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Vision distance blurrier in tinted sunglasses vs clear lenses

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    #16
    Originally posted by drk View Post
    For the record, I do not think the pupil size in sunglasses increases very significantly.
    I observed no difference on the two people I tested under unfiltered summer sun (43˚ latitude), brown polarized, AR coated sunglasses, with a very good light seal, and clear AR coated eyeglasses.
    Science is a way of trying not to fool yourself. - Richard P. Feynman

    Experience is the hardest teacher. She gives the test before the lesson.


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      #17
      Since the distance vision complaint for the tinted pair is specifically for driving, is the tinted pair a shorter corridor and/or the wearer leaning back slightly when they drive?

      All valid points raised by others already, so if those check out maybe consider if she's leaning back with a more aggressive add increase in front of here, might compromise the distance vision field.

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        #18
        Nice research, RM!

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          #19
          What is absolutely true, though, DanLiv, is that any error in refraction comes out when the pupil enlarges in night driving, of course. (That's one reason I like to refract dilated when possible.)

          (Of course the peripheral lens gets into play a little but most dilations I do are no more than 8 mm or so...)

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            #20
            Originally posted by Uilleann View Post
            As a skier in Utah, I can tell you from years of direct, personal experience, as well as having fit thousands of fellow skiers and boarders that the "not being able to see ice" thing is nothing but a myth. As an old pilot as well, I have never flown in *any* aircraft type new or old that polar lenses created any issues whatsoever. Further, there is NO AIM/FAR regulation that precludes pilots from wearing polar lenses (unlike the wildly erroneous information given out in numerous ABO classes I've sat through over the years).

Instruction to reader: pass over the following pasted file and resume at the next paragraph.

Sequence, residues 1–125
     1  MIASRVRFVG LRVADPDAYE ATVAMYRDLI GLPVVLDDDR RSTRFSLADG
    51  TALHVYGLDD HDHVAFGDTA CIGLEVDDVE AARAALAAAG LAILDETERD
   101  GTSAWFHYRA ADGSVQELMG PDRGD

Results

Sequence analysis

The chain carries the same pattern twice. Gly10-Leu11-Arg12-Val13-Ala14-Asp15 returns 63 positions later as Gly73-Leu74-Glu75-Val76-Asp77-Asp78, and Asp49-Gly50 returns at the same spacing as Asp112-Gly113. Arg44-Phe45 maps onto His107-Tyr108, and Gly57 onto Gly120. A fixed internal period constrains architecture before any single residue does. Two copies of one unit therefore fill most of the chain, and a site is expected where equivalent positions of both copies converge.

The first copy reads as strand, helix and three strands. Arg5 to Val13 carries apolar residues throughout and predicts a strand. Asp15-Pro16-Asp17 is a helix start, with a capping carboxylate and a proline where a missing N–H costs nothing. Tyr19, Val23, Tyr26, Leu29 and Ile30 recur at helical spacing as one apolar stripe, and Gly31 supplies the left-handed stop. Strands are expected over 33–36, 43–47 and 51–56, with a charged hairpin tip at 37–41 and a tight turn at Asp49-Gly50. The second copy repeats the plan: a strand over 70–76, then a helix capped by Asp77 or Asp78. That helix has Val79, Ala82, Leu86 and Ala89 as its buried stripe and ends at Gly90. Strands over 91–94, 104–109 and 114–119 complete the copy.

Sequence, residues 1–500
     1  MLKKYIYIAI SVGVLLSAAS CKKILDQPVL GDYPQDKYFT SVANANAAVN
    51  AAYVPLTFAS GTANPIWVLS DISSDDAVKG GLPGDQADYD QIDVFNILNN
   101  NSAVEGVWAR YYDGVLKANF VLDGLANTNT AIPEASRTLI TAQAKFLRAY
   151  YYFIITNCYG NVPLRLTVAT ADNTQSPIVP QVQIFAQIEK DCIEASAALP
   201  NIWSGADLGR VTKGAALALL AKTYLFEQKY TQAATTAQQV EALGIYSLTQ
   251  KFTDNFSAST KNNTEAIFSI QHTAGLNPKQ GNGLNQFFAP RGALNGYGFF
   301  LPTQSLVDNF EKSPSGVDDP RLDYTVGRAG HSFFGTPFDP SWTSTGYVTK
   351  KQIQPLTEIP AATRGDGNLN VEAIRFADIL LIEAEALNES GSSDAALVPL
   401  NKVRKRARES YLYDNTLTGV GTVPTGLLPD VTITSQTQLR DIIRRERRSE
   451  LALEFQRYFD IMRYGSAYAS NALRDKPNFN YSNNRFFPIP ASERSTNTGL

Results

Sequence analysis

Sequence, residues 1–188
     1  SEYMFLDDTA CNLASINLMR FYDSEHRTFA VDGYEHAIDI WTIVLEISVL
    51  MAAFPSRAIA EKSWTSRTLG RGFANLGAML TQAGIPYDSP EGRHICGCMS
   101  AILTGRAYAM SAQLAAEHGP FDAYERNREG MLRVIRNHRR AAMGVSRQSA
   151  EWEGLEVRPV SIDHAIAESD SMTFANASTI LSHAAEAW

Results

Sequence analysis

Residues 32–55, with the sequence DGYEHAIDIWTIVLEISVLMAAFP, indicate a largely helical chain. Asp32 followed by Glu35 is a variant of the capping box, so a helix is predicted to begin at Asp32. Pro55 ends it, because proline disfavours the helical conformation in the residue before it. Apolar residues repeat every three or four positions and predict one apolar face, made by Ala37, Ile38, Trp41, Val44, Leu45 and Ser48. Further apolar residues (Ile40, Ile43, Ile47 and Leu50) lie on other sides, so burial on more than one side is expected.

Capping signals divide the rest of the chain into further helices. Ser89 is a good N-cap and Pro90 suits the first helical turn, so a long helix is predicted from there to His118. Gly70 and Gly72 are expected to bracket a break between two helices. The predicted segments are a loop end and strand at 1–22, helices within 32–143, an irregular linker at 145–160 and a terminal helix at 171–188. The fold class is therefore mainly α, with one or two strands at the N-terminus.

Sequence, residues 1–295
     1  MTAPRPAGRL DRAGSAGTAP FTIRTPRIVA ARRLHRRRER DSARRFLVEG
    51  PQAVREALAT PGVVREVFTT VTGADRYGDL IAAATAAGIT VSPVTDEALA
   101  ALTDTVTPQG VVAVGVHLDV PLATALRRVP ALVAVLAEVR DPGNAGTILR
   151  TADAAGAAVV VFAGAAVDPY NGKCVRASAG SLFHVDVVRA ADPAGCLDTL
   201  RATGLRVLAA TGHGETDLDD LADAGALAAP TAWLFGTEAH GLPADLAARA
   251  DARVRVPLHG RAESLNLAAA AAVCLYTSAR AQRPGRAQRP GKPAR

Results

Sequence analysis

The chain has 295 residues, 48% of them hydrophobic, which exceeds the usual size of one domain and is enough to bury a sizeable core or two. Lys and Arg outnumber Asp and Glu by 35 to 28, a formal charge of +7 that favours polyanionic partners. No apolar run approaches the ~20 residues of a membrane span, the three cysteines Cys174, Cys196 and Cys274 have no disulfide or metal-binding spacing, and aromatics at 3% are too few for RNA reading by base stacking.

Wow, this is golden information! Thanks Uilleann.
            www.DanielLivingston.com

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              #21
              This is information from the FAA: https://www.faa.gov/pilots/safety/pi...sunglasses.pdf

              Polarized lenses are not recommended for a number of reasons.

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                #22
                Originally posted by DanLiv View Post
                My reasons, in order of importance to me:
                You can't readily put the best ARs on tint for the reasons I mentioned, so you have to go for more basic "spray it on anything" ARs. Polarized are compatible with Crizal, EX4, Zeiss Duravision
                The reduced glare from eliminating surface reflections is literally superhuman vision. Tinted lenses merely obstruct light, they don't reduce surface glare
                As Elvis Is Alive said tints do fade and change color over time with exposure to UV. Polarizing filters do not fade.
                Matching a sample is a nightmare. Tints often come out too light or too dark for pt preference. Polarized are fixed, so for better or worse pts can't change it.
                100% this!

                DRK if you are doing a majority tints and not polarized you are setting yourself up for remakes. "The tint isn't what I was thinking!" or "Can it be a little lighter/darker?". NO just NO. So many tint problems I literally want to punch people in the face. My boss said can we just buy a tint tank and you can do them here? Yes, that would work--IF the lenses aren't coated with AR. BUT we like to put AR on sunglass lenses for the reasons DanLiv mentioned.

                Originally posted by Robert Martellaro View Post
                Fun, if you enjoy "jerking away in the sand". See Robin Williams explaination of the game below (language).

                https://www.youtube.com/watch?v=14NQIq4SrmY&t=104s
                One of his best bits EVER. :bounce:

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                  #23
                  Originally posted by wmcdonald View Post
                  This is information from the FAA: https://www.faa.gov/pilots/safety/pi...sunglasses.pdf

                  Polarized lenses are not recommended for a number of reasons.
                  Yep. Let's be crystal clear - that ancient brochure is NOT part of AIM/FAR regulation. And their "number of reasons" are laughably vague in that context. There are thousands of pilots who DO wear polar lenses, in all manner of fixed wing and rotor craft with no issue whatsoever. It's bad form in the extreme to perpetuate as "fact", or "rule" in this case that the aviation environment specifically precludes any polar lens use. Leave it up to the individual pilot - they'll thank you for it!